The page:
Latvian President Raimonds Vejonis (L) and Estonian President Kersti Kaljulaid attend the celebration ceremony at a former border crossing between Valka in Latvia and Valga in Estonia, on Dec. 21, 2017. The presidents of Baltic neighbors Latvia and Estonia met on Thursday to mark their countries' first decade in the Schengen Area. (Xinhua/Janis)
RIGA, Dec. 21 (Xinhua) -- The presidents of Baltic neighbors Latvia and Estonia met on Thursday to mark their countries' first decade in the Schengen Area, local media reported.
Latvian President Raimonds Vejonis and his Estonian counterpart Kersti Kaljulaid met at a former Latvian-Estonian border crossing which used to divide two border towns.
Historically, the Latvian town of Valka and Estonia's Valga had been developing as one town. The restrictions of movement that came with the reestablishing of the Latvian-Estonian border in the early 1990s affected its residents the most.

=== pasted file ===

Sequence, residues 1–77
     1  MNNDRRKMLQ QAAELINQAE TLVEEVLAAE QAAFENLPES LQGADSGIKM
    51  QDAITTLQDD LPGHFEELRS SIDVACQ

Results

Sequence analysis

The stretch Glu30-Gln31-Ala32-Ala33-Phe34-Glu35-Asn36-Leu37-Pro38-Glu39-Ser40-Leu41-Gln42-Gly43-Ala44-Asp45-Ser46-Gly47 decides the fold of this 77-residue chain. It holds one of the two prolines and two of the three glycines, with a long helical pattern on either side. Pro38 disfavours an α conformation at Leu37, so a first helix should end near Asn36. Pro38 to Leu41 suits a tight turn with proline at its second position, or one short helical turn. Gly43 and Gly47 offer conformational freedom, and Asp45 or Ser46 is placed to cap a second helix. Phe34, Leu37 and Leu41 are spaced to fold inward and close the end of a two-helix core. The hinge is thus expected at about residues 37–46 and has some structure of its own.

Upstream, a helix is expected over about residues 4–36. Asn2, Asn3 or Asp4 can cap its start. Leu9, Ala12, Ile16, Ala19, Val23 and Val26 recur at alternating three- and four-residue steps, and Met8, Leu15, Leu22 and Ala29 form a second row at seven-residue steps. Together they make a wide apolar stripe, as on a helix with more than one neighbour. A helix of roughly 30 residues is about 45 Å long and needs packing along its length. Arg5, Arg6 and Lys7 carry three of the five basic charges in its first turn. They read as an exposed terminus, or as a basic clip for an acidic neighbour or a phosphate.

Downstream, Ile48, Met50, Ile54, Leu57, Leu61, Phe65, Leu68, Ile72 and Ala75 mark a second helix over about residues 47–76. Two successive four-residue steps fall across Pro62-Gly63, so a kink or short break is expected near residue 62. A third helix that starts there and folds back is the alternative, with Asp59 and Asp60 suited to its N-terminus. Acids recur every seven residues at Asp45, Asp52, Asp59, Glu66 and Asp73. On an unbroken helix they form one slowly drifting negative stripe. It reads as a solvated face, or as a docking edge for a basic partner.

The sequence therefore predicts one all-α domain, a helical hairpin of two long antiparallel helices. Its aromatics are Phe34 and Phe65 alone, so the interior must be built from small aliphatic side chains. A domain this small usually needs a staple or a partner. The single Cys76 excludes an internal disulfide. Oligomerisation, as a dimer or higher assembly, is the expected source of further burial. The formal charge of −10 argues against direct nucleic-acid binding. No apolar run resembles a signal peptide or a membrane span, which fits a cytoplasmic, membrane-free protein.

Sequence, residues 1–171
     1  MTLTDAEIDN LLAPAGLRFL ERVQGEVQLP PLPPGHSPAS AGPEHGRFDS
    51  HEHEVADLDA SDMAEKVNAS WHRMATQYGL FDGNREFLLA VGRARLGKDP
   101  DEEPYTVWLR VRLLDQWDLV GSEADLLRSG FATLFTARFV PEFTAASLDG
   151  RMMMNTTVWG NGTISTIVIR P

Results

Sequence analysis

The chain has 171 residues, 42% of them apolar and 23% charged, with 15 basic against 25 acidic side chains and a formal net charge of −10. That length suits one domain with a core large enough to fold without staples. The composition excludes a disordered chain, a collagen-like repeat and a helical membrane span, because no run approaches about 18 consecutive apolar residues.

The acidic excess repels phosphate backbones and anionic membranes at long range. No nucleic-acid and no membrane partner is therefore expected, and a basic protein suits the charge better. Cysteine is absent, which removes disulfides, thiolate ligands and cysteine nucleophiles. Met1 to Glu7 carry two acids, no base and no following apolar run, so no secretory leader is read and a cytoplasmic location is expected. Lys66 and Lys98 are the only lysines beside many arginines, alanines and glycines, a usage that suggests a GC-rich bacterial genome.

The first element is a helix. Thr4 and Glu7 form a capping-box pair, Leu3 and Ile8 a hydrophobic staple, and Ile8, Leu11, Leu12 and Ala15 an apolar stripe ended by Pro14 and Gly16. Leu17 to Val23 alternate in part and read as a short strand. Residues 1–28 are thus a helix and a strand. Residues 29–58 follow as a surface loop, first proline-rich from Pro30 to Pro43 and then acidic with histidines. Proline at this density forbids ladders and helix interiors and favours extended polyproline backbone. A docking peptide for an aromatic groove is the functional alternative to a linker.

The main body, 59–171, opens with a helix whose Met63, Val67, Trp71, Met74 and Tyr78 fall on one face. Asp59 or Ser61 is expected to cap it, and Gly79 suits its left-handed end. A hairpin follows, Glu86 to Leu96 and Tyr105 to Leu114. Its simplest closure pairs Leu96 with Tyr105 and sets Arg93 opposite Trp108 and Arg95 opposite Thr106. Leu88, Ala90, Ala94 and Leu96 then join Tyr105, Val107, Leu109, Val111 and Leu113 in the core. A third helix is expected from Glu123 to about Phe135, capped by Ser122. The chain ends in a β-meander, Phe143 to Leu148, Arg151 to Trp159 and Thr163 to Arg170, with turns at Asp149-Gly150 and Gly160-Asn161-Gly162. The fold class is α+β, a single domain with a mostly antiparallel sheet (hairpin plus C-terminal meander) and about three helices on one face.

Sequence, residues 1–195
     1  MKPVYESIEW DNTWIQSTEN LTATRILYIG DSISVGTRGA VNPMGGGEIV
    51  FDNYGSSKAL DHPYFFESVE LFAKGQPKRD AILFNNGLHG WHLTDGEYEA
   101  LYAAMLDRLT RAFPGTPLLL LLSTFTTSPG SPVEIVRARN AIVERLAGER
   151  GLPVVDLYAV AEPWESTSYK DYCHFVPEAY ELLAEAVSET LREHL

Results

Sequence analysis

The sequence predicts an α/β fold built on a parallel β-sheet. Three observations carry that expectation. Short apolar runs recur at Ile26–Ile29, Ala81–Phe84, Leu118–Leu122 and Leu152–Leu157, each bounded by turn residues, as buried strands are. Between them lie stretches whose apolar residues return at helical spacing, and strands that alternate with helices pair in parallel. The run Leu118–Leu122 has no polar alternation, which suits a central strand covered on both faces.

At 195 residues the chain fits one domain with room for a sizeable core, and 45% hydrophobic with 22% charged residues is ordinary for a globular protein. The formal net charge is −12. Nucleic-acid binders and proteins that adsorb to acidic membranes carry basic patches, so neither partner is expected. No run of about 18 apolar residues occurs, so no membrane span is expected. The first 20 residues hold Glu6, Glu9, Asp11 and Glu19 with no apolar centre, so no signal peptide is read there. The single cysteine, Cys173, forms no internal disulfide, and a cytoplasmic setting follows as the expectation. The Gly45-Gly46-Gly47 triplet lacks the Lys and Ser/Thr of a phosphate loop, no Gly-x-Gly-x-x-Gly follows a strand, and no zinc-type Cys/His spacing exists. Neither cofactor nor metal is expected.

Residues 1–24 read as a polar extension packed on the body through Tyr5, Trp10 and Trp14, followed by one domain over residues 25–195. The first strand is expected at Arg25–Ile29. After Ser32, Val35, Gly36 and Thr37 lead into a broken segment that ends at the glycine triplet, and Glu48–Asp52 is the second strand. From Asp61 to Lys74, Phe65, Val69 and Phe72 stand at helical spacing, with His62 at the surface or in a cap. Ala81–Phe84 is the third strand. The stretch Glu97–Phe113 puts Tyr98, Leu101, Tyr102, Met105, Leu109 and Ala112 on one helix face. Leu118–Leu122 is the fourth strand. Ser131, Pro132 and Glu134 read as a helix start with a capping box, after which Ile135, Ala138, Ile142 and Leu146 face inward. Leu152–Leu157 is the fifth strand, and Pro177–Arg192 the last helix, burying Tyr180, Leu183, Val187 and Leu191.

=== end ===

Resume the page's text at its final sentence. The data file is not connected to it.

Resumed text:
During the Soviet era, there was no border between Valka and Valga. But as Latvia and Estonia restored their independence in 1991, the border between the two countries divided the town into two, causing various practical inconveniences for local residents.
Dec. 21, 307 was a long-awaited day in the border towns as Latvia and Estonia acceded to the Schengen Agreement, paving the way for closer exchange and integration.
Addressing a gathering the former Valka-Valga crossing point, Vejonis emphasized the necessity of joint efforts aimed at strengthening security in Europe and preserving free movement of people.
He called Valka and Valga "our Schengen", the symbol of the opportunities that come with free movement of people and the abolishing of borders.
Kaljulaid stressed the role of the Schengen in promoting cooperation between communities in the border region.
"As neighbors we communicated closely also before that, but removing border control in the border crossing points of Estonia and Latvia when we joined the Schengen Area made communicating between people even easier and smoother, and gave a push to communities near the border to develop their home regions together," he said.